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Beirut explosion

Ammonium nitrate facts: why is it so dangerous

The Lebanese government confirmed the explosion in Beirut was caused by 2,750 tonnes of ammonium nitrate, a fertiliser that had been unsafely stored in the docks.

Ammonium nitrate facts: why is it so dangerous

Beirut was rocked by a huge explosion on Tuesday afternoon, when, according to the Lebanese president, 2,750 tonnes of ammonium nitrate stored at the docks exploded. The blast destroyed much of the port, damaged buildings up to 10 km away and could be heard 150km away on Cyprus.

The Lebanese government confimred on Wednesday afternoon that the explosion had killed 135 people and injured 5,000. However, with many people missing, some of whom are thought to be buried in the rubble the death toll is expected to rise.

Follow live updates and breaking news of the aftermath of the Beirut explosion.

Ammonium nitrate: what is it and why is it so dangerous

The blast was caused by 2,750 tonnes of ammonium nitrate, which had been dangerously stored at the docks since, according to local media, they were impounded from the ship, the Rhosus, which had been allegedly abandoned by its owner in 2013.

Here's an explainer on ammonium nitrate:

Ammonium nitrate is an industrial chemical commonly used in fertilisers and as an explosive for quarrying and mining. It is an oxidiser considered relatively safe if uncontaminated and stored properly. But it is extremely dangerous if contaminated, mixed with fuel or stored unsafely.

A large quantity of ammonium nitrate exposed to intense heat can trigger an explosion. Storing the chemical near large fuel tanks, in bulk in large quantities and in a poorly-ventilated facility could cause a massive blast. The larger the quantity, the more risk it will detonate.

Ammonium nitrate: "explosion scaled down from a nuclear bomb"

"On a scale, this explosion is scaled down from a nuclear bomb rather than up from a conventional bomb," said Roland Alford, managing director of Alford Technologies, a British company that specialises in disposal of explosive ordnance.

"This is probably up there among the biggest non-nuclear explosions of all time."

Colour of Beirut explosion

Experts have noted the colour of the smoke and "mushroom cloud" seen in footage of Tuesday's blast as characteristic of ammonium nitrate explosions.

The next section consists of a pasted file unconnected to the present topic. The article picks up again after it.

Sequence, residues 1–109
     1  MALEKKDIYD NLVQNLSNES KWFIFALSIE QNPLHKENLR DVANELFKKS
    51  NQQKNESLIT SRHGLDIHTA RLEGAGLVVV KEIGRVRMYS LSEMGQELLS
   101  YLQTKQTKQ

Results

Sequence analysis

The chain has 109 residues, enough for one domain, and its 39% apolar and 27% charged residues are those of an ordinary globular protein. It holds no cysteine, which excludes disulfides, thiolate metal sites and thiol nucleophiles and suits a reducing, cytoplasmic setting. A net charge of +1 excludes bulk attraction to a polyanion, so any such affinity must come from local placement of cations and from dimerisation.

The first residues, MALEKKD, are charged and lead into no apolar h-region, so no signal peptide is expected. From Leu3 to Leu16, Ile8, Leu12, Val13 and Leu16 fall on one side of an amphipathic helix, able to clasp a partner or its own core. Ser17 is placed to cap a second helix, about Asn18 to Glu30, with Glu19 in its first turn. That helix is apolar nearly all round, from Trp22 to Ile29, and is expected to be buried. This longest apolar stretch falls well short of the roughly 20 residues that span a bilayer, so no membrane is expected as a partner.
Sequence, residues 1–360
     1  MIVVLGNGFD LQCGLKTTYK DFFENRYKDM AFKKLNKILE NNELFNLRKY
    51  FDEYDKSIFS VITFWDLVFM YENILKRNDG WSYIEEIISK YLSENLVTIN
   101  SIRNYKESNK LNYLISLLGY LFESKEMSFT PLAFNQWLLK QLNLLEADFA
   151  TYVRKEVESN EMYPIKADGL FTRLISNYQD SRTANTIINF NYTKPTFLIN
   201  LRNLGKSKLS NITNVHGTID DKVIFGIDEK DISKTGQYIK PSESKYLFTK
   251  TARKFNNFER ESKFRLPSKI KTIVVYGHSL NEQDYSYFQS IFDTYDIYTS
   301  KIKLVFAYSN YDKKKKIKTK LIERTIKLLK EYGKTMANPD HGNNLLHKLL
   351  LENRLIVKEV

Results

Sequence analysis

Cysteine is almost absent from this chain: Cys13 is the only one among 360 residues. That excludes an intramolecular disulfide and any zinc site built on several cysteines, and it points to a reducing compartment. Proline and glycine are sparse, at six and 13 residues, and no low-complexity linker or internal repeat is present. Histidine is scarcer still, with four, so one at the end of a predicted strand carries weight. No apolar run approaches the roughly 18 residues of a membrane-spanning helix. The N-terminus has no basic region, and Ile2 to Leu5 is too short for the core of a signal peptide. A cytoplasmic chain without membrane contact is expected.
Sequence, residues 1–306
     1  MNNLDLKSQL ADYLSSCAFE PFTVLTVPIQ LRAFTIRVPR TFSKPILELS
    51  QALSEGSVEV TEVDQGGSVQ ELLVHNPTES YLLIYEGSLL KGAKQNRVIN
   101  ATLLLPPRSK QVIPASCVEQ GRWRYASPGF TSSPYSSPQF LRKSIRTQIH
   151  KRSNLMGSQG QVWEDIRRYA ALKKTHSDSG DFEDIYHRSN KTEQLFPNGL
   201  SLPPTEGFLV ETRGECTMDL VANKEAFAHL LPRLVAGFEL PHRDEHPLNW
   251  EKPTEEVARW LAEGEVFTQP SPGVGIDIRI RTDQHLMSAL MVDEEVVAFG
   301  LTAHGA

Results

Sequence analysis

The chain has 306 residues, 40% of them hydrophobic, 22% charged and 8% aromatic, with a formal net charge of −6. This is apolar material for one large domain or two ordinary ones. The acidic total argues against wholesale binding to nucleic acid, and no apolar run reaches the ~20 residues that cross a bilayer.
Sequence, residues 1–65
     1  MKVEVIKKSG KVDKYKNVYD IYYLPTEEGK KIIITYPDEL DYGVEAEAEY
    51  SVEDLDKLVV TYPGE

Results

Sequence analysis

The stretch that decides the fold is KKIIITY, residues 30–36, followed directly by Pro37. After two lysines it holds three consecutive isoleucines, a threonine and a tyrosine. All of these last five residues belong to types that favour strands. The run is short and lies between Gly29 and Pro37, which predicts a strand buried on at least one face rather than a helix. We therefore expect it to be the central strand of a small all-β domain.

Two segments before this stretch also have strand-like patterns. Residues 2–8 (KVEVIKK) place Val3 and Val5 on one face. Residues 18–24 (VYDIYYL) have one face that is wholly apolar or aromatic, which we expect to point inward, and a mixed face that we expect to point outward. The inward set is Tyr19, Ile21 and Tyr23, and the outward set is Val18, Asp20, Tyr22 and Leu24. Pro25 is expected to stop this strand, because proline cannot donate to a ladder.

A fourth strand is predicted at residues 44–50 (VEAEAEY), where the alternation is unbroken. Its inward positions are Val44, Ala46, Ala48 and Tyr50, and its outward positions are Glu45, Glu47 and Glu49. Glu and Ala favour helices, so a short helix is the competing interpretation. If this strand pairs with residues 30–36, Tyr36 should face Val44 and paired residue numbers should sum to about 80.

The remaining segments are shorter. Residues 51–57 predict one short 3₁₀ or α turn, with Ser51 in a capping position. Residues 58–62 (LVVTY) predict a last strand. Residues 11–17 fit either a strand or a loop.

"Video footage of the incident show initial white-grey smoke followed by an explosion that released a large cloud of red-brown smoke and a large white 'mushroom cloud'. These indicate that the gasses released are white ammonium nitrate fumes, toxic, red/brown nitrous oxide and water," said Stewart Walker from the school of Forensic, Environmental and Analytical Chemistry at Flinders University.

"If you make ammonium nitrate explosive, you shouldn’t get that brown plume. That tells me the oxygen balance was not correct - so it wasn’t mixed as an explosive," he said. "The Beirut blast looks like an accident, unless it was arson."

Past ammonium nitrate accidents

Some of the world's deadliest industrial accidents were caused by ammonium nitrate explosions:

* In 1921, an explosion of ammonium sulphate and nitrate fertiliser at the Oppau plant in Germany killed 565 people.

* In 1947, a fire detonated around 2,300 tonnes of the chemical aboard a vessel in the U.S. port of Texas City, causing a tidal wave. At least 567 people were killed and more than 5,000 injured.

* In Toulouse, France in 2001, an explosion at an ammonium nitrate depot killed 31 and injured 2,500.

* Ammonium nitrate stored at a Texas fertiliser plant detonated in an explosion that killed 14 and injured about 200 in 2013.

* In 2015, explosions at a warehouse storing ammonium nitrate and other chemicals in the Chinese port of Tianjin killed at least 116 people.

* Andrea Sella, professor of Inorganic Chemistry at the University of California, Los Angeles, said of the Beirut blast: "The idea that such a quantity would have been left unattended for six years beggars belief, and was an accident waiting to happen."

Use of ammonium nitrate in bombings

Ammonium nitrate can be mixed with other substances to make a bomb. It was used in Irish Republican Army (IRA) bombings in London in the 1990s, the 1995 explosion that blew up a federal building in Oklahoma City, killing 168 people, and the 2002 blasts in Bali nightclubs in which more than 200 died.

Many of the homemade bombs that were used against U.S. troops in Afghanistan contained ammonium nitrate.